Don and Roger play a drawn out game of manly one-upmanship. Betty dukes it out with Helen Bishop. Meanwhile, Peggy gets to work on writing copy for Belle Jolie, after Freddy says that her coming up with the “basket of kisses” line was like watching a dog play piano.
A season of Mad Men follows something of a template. The first episode of the season is devoted to catching up with the characters, and seeing where they all are with the passage of time, and setting up some of the storylines and plot arcs we’ll follow this year. Then the show will glide along at a slow pace, often eschewing plot, and having a couple of episodes that take the focus of off Don or Peggy. In the middle of the season, usually episode 7, something big and/or very entertaining will happen. The show will then drift for a bit, catching up briefly on a few of the arcs. The penultimate episode is usually where all the plot threads come together, and something major happens, leaving the final episode of the season to tie together any loose ends, put a cherry on top, and wrap up everything in a nice bow (or, in narrative terms, denouement). The first episode 7, “Red in the Face,” is indeed one of those special episodes, a Mexican standoff between two good friends and co-workers who are also hyper-masculine.
The bulk of the episode revolves around the frenemy rivalry between Don and Roger. Roger may be Don’s only true friend, but he’s also Don’s boss which complicates things. They often find themselves unintentionally competing with each other because of that masculinity that is hard-coded into their separate strands of DNA.
Roger wants to spend the weekend with Joan, as Mona and Margaret (his wife and daughter, respectively) will be out of town. Joan needs more notice, and has made plans with her roommate, Carol. Feeling like a little kid let loose in the big city with money in his pocket but nothing to do, Roger begs Don to go for “one drink” at the Oak Room’s bar.
One drink turns into a few. Roger and Don make eyes at two young ladies, who must barely be 18 (the legal drinking age in New York at the time). When Don gets up from the bar, both girls watch Don, leaving Roger feeling old and inferior to his younger, movie-star-handsome friend. But with nowhere to go and nothing to do, Roger invites himself to dinner at the Draper household. As Don, Betty and Roger eat and get more drunk, Roger becomes Mr. Suave and charms Betty. When Don has to go out to the garage to get more liquor, Roger makes his move: he tries to grab Betty close and kiss her. Although Betty rebuffs him, upon Don’s return, there’s an awkwardness in the air.
Roger leaves, and Don tears into Betty for being so receptive to Roger’s flirting. Don parrots a line he heard from earlier in the episode, when he called Dr. Wayne to check in on the psychiatry sessions: “I feel like I’m living with a little girl.”
Don punishes Betty for being an attentive host and maybe showing just a bit too much interest in Roger’s stories. But he also plans on doling out revenge on Roger. After Roger stops by Don’s office and tells a pretty hilarious story about driving home drunk one night, and walking into the wrong home, his apology falls flat when he makes the stiff analogy “sometimes we’ve all parked in the wrong garage.” Don’s not pleased and puts his plan in motion.
After bribing Hollis the elevator operator to pretend like the elevator’s out once he sees Don and Roger return, the two ad men go out for a way-more-than-two martini lunch. Don is smooth and charming here, letting Roger lead the way to overindulgence in both alcohol, seafood and sweets. They return to the office just in time to meet the Nixon campaign folks–if the elevator was working like it was supposed to. Instead, they have to take the stairs all the way to the 23rd floor. Roger seems like he might have a heart attack at several points along the way, so the younger and fitter Don rushes ahead. When Roger shows up in the office a few minutes after Don, it doesn’t take long until he vomits up that excessive lunch. In the battle of manliness, score one for Don.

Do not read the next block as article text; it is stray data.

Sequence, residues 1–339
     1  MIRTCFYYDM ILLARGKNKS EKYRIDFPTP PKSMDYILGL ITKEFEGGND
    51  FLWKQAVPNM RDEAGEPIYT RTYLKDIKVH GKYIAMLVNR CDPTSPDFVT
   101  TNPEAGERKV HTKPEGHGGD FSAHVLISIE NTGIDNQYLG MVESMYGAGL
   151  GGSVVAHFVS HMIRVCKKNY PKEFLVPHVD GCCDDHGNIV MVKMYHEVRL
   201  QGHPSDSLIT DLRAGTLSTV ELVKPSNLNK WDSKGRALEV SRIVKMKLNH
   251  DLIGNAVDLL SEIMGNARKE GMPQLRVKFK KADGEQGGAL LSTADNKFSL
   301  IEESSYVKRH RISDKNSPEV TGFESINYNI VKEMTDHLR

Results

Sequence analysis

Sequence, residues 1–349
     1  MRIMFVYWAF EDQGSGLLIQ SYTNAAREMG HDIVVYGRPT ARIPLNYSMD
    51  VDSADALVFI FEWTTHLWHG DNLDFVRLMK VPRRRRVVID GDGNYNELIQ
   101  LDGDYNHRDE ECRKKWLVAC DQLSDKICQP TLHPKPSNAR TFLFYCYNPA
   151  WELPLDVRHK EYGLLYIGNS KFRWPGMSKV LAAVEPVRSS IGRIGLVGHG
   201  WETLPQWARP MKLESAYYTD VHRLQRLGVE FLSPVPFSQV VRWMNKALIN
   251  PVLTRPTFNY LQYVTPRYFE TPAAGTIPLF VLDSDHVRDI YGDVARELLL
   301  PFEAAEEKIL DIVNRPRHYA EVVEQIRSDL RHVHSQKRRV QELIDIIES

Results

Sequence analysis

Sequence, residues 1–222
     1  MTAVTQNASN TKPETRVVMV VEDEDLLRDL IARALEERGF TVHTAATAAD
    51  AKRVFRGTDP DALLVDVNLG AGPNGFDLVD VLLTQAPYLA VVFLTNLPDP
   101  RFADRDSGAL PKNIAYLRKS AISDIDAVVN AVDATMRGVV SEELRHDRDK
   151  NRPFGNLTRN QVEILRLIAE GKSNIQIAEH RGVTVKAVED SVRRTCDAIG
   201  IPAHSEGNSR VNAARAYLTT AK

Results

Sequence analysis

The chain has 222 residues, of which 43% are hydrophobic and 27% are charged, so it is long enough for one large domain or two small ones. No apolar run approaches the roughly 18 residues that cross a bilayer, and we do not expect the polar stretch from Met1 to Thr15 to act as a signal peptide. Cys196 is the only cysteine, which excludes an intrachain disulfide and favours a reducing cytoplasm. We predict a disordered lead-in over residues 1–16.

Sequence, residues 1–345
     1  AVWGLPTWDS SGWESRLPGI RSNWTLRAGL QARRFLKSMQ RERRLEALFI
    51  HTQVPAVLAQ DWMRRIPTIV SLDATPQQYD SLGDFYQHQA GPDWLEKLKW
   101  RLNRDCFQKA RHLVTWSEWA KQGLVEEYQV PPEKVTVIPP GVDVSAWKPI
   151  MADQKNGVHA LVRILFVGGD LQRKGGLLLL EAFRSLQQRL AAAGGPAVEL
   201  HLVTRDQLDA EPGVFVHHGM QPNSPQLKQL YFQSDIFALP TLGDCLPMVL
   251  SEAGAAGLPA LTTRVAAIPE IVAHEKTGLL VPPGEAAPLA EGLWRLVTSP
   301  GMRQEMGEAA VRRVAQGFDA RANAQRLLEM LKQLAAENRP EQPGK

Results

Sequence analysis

The theme of masculinity plays out in a smaller storyline in this episode. In a classic moment that has been memed to death since 2007, Pete shows his office colleagues the duplicate chip-and-dip he received as a wedding present: “it’s practically four of something.” When trying to return it at Bonwit Teller, he tries to flirt up the customer service lady, who is having none of his “charms.” He eventually arranges for a store credit exchange on the chip-and-dip, but is distressed to see the lady in customer service reciprocate the flirting of Matherton, a college acquaintance of Pete.
Pete’s shot down trying to be a smooth ladies’ man, but still walks out with a symbol of masculinity: a .22 rifle. He proudly proclaims to his officemates that it was “the same price as a chip-and-dip.” But his masculinity is stripped from him again when Trudy won’t let a gun in the house, and berates him (in a shrill off-camera voice) for returning a gift from her family, despite the newlyweds receiving two of the same item.
The smallest storyline of the episode has the biggest ramifications for the rest of the season (and continues a storyline that will recur all the way up until the end). When grocery shopping, Betty runs into Helen Bishop, who confronts Betty about her giving Glen a lock of her hair when she had babysit him. Helen asks what kind of woman Betty is, and all Betty can do is give Helen a good slap across the face, leave her grocery cart mid-aisle and leave.
Although Betty’s friend and neighbor Francine Hanson comforts Betty by letting her know the rest of the neighborhood ladies are on her side, this is a turning point in the long, strange, and oddly poignant relationship between Betty and Glen.